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Scientist's create new matter

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posted on Jan, 28 2004 @ 10:15 PM
Although I have no idea what one can do with this I thought maybe someone with more scientific ability might try a crack at it?

Scientists in Colorado Create New Form of Matter Under Ultracold Conditions

BOULDER, Colo. (AP) - Scientists say they have created a new form of matter from a half-million potassium atoms chilled to within a whisper of absolute zero, the coldest possible temperature.

Fermions represent a class of elementary subatomic particles that includes electrons, and they are among the building blocks of atoms and molecules. According to a law of quantum mechanics, no two identical fermions may occupy the same quantum state.

On Dec. 16, researchers at the joint lab known as JILA used lasers to trap the small cloud of potassium atoms. By limiting their natural motion, they cooled the atoms to 50 billionths of a degree above absolute zero, or minus-459 degrees F.

Normally, subatomic fermions in these atoms would repel one another.

But the researchers said that when they applied a magnetic field to the ultracold atoms, the atoms briefly matched up in pairs and created a condensate, behaving in a coordinated wave pattern.

What do you make of this - opinions?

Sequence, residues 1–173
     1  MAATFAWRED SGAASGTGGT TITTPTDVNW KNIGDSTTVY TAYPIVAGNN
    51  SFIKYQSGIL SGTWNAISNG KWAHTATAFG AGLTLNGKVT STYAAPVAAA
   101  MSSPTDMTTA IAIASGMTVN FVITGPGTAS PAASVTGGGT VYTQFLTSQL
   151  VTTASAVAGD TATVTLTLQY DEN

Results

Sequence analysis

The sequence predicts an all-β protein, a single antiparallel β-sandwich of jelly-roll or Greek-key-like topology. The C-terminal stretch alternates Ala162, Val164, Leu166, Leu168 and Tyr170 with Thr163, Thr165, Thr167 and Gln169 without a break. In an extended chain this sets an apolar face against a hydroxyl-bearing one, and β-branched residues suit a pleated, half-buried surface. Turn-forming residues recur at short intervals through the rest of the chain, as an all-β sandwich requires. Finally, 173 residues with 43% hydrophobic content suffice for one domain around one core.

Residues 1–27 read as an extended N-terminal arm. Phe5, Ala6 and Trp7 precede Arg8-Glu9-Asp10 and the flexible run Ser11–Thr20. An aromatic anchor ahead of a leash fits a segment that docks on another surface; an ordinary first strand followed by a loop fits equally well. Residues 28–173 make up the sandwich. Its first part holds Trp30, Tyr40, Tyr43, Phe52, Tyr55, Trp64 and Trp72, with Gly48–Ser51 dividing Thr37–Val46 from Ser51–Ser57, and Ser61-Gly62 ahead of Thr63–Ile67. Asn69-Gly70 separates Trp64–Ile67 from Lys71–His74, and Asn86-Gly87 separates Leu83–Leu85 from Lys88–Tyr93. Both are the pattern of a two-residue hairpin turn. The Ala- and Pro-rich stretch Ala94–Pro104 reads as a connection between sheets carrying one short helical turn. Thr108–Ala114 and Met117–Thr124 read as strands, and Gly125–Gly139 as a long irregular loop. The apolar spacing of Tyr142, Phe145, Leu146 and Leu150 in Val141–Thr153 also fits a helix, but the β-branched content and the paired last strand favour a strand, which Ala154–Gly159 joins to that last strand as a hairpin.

posted on Jan, 28 2004 @ 11:39 PM
this article from cnn explains the use they were aiming at when they did this, it explains pretty well what they did also.

WASHINGTON (Reuters) -- Scientists said on Wednesday they had created a new form of matter and predicted it could help lead to the next generation of superconductors for use in electricity generation, more efficient trains and countless other applications.

The new matter form is called a fermionic condensate and it is the sixth known form of matter -- after gases, solids, liquids, plasma and a Bose-Einstein condensate, created only in 1995.

posted on Jan, 28 2004 @ 11:44 PM
All known particles are either fermions or bosons. Fermions have half-integral quantum numbers of spin: 1/2, 3/2, etc. They obey the Pauli exclusion principle in that no two fermions can occupy the same quantum state. Examples of fermions are the electron, proton, neutron, and quark.

No two electrons in an atom can have identical quantum numbers. This is an example of a general principle which applies not only to electrons but also to other particles of half-integer spin (fermions). It does not apply to particles of integer spin (bosons).

The Pauli exclusion principle is part of one of our most basic observations of nature: particles of half-integer spin must have antisymmetric wavefunctions, and particles of integer spin must have symmetric wavefunctions

so in other words, the fermion particles in the atoms(eg electrons) are not repelling each other, so they can be paired up. i am not so sure about the matter behaving in a wave like pattern. that is kind of beyond me (just trned 14) maybe sumone else could answer this question?

posted on Jan, 28 2004 @ 11:51 PM
for a 14 year old you are amazingly knowledgable of physics, to bad there's not more people your age with that kind of intelligence.

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